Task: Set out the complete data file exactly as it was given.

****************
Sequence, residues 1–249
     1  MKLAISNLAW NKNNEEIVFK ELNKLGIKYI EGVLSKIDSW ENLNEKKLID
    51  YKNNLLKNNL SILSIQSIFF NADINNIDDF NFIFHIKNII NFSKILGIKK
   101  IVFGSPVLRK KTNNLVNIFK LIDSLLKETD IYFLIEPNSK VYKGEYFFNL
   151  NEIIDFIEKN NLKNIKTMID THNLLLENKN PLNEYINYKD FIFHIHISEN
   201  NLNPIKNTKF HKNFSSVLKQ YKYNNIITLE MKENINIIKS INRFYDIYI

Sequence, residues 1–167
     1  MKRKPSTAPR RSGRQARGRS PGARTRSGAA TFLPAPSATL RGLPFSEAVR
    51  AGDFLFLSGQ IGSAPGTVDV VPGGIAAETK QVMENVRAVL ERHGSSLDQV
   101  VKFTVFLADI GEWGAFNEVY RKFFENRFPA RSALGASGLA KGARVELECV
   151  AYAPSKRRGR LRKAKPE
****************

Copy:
Sequence, residues 1–249
     1  MKLAISNLAW NKNNEEIVFK ELNKLGIKYI EGVLSKIDSW ENLNEKKLID
    51  YKNNLLKNNL SILSIQSIFF NADINNIDDF NFIFHIKNII NFSKILGIKK
   101  IVFGSPVLRK KTNNLVNIFK LIDSLLKETD IYFLIEPNSK VYKGEYFFNL
   151  NEIIDFIEKN NLKNIKTMID THNLLLENKN PLNEYINYKD FIFHIHISEN
   201  NLNPIKNTKF HKNFSSVLKQ YKYNNIITLE MKENINIIKS INRFYDIYI

Sequence, residues 1–167
     1  MKRKPSTAPR RSGRQARGRS PGARTRSGAA TFLPAPSATL RGLPFSEAVR
    51  AGDFLFLSGQ IGSAPGTVDV VPGGIAAETK QVMENVRAVL ERHGSSLDQV
   101  VKFTVFLADI GEWGAFNEVY RKFFENRFPA RSALGASGLA KGARVELECV
   151  AYAPSKRRGR LRKAKPE